All about Spectacles
She did not wear spectacles, and if she did,
They would be sunglasses, of varied design and shades.
She was a friend of my spectacleless girlfriend, and
Her big eyes were shiny and beautiful, and did not squint.
When we returned from the dance floor, a man
Had already harried her for half a dance. There
She was, with a straw between her lips, slightly
Shaking her head in his face, eyes big as ever,
Like plump hooks. My girlfriend also used the same simile,
"Hooks." I tried to be innocent about the connotation of the word
And muttered under the tongue: "Yes, a little indeed."
Of course, I liked that pair of hooks, but
I had somehow convinced myself her eyes might tend to get men hooked
And she had no intention to hook me.
Now that man had apparently fallen into the pit of her eyes,
And he must have thought that
Her hook-eyes meant probe, encouragement and challenge,
A test of his patience and persistence.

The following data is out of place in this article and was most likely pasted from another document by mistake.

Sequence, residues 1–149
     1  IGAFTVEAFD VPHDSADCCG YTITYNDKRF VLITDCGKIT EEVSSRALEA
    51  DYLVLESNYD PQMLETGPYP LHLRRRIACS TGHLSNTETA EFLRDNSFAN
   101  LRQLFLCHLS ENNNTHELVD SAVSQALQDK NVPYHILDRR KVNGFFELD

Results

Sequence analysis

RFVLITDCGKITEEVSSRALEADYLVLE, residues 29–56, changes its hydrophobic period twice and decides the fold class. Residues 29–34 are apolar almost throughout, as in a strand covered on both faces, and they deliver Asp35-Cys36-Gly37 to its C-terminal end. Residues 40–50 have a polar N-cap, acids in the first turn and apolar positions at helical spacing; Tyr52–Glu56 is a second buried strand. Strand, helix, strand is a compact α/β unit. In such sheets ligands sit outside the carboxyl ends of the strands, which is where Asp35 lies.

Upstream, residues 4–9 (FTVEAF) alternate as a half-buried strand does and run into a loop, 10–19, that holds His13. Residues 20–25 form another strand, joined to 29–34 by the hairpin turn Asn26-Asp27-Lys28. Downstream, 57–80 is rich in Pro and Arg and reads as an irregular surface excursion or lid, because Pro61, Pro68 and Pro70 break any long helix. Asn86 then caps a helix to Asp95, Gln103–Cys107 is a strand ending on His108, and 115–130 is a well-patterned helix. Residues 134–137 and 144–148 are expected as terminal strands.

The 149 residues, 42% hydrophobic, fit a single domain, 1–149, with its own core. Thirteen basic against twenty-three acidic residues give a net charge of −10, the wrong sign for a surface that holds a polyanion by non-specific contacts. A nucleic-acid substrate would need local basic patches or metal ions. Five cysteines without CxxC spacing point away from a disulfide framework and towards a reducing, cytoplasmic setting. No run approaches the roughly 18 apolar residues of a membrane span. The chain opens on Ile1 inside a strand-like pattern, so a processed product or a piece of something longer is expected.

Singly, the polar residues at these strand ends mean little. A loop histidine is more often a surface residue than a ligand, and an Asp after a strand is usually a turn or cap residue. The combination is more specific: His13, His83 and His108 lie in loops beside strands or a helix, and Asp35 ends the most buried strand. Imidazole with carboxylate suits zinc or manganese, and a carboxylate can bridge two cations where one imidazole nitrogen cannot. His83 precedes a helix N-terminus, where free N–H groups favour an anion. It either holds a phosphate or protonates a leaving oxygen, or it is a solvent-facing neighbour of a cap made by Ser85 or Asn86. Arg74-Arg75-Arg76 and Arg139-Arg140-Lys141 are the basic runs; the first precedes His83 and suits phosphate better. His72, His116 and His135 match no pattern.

He believed that he had seen through her tricks
And seen her disguised strong inner lust through her eyes.
My girlfriend’s friend turned to me, and I turned to the man
And said: I say, pal, she does not feel like dancing right now.
My break-in gave the man the best opportunity to get himself out,
So he threw to my face a bash of two dirt curses sandwiched with a punch:
You four-eyed sissy! What a pimp dick you wanna put in here!
My eyeglasses flew away into the dark, leaving me bare-eyed,
Clear-minded, among splitting stars and colored light, realizing
That I was not his match, definitely not!
So it was good to be timely pulled aside by two women who escorted me
Through the crowd. Me, turning back like an indignant mouse.
My girls were understanding, and also they knew exactly what to say:
Not worth while to embroil into anything with that sort of lowly beasts.
The sultriness on the summer road outside The Union’s Club
Refreshed me a lot, but my face was searing in the aimless silent cruise:
Should I really believe that weakness could be a quality of virtue?
Oct. 23-24, 2008